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Odyssey Service Work


6 Weeks of Service Work

The Odyssey team members will live and work with grassroots organizations in or near each of the ten destination cities for six weeks at a time. The work of the organizations and the volunteers will be captured on video, audio and text and shared with the students via the Student Site on the World Wide Web. By doing so, The Odyssey will also bring to the local organizations an unprecedented avenue for educating people about the issues important to them and for seeking support for their work. By opening this channel of communication, The Odyssey will lend great power to the voices of local organizations and peoples and afford them the chance to directly share their own perspectives, which so often are otherwise lost.


Connecting with Community Organizations Abroad: A Case Study

Bamako, Mali

Since the popular overthrow of the Moussa Traore dictatorship in 1991, the Malian government has demonstrated a number of ways in which it is committed to democratic accountability. A dynamic NGO sector and a vibrant independent press ensure that organizations in civil society are able to play a significant watchdog role and to promote popular participation in development at a variety of levels. Although economic problems persist, the indigenous, culture-based development practices that are taking place in Mali make it an example of hope to the rest of the region--an example the Odyssey will share with the rest of the world.

The Institute for Popular Education (IEP) is at the forefront of innovative and powerful work in the area of popular education and social transformation. The institute's founder Maria Keita, a former Ashoka fellow, had worked with Malian and Canadian NGO's for 11 years, working on the village level doing credit programs and home gardens. One day the women of the village approached her and told her that the gardens had supplied them with more food and more work, but they still weren't better off. They wanted to be educated and to learn of the world. The NGO's had done their job giving people food and greater access to health care, but the people were still poor, they were discontent with their lives and didn't know how to change them. Maria realized that lack of access to services isn't the real problem of poverty and that NGO's needed to evolve into more activist roles.

She started out on her own, by creating literacy materials in the local language, using local reality, and today the Ministry of Education in Bamako uses her institute as a primary model for national literacy. More important to Maria than the government's response is the people's response to IEP. Today the center has evolved into an integral part of the communities it serves, offering literacy programs, support groups, youth camps, daycare, and informal internships based on community requests.

The Odyssey team would arrive to work with IEP in Kati, 17 km outside of Bamako, one of the institute's four centers in the country. Arriving in mid-August, 1999, gives the team the prime opportunity to catch the institute in the middle of their training programs. In addition to the literacy programs underway, women trek members could take part in the women only discussion circles where issues ranging from health to domestic violence are intimately discussed. Some Odyssey team members will undoubtedly work with one or more of the youth camps the institute organizes for both student committees and for youth not in school. A primary goal of the institute in this dynamic time in Malian history is to channel student unrest towards a positive means. The Odyssey could provide an unprecedented link for students thousands of miles apart sharing their goals, their accomplishments, and their dreams.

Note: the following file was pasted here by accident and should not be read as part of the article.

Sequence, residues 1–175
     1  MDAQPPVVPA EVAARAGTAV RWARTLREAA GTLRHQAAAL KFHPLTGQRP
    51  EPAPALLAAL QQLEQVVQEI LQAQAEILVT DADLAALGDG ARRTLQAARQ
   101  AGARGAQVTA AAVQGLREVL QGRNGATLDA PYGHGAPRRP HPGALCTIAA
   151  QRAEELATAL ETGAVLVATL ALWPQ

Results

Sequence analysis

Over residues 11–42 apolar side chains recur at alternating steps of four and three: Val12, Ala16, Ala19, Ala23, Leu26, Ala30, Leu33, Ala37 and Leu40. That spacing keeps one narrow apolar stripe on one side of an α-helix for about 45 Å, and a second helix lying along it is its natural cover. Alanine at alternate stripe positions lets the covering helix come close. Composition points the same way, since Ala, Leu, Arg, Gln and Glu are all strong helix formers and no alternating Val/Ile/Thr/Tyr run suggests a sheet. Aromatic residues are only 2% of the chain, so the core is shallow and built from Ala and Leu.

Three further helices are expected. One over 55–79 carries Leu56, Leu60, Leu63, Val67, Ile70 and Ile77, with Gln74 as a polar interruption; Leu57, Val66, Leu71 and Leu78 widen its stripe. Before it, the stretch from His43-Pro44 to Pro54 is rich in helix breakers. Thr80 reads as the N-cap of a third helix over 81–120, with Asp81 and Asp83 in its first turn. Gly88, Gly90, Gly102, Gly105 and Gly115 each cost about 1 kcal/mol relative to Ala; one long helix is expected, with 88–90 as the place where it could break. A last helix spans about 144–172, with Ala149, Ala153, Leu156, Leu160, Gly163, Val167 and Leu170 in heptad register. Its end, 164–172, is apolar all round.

IEP is a perfect example of how much can be accomplished with very little resources, emphasizing the crucial role of volunteerism. IEP is not an NGO, it is much more community based. The Odyssey looks forward to working with the Institute for Popular Education--a committed group that deserves highlighting as a critical example in the development paradigm, emphasizing the culture first and the solutions emerging from them.

Similarly, other trek members will be working with different service groups in the vicinity of Bamako to highlight a broad range of the work of grassroots movements in the country. Some trek members will work with the Association Jeunesse Action (AJA)-Mali and its founder Souleymane Sare, also a former Ashoka fellow. In an effort to help reduce extreme youth unemployment and hopelessness, Souleymane created AJA-Mali to help young artisans and unemployed school-graduates combine skills to develop and launch successful income earning projects. Still other trek members will highlight the Association Radio Libre Bamakan and the National Federation of Malian Artisans, groups that have successfully used the newly created democratic space to put forward their own agenda for change.

During the 6 weeks in and around Bamako, the Odyssey will be teaching thousands of students about Malian culture and current issues. But perhaps more important will be sharing the works of these worthwhile groups and individuals who are doing so much to not only change their own communities, but to inspire the world as to what small grassroots movements can do.


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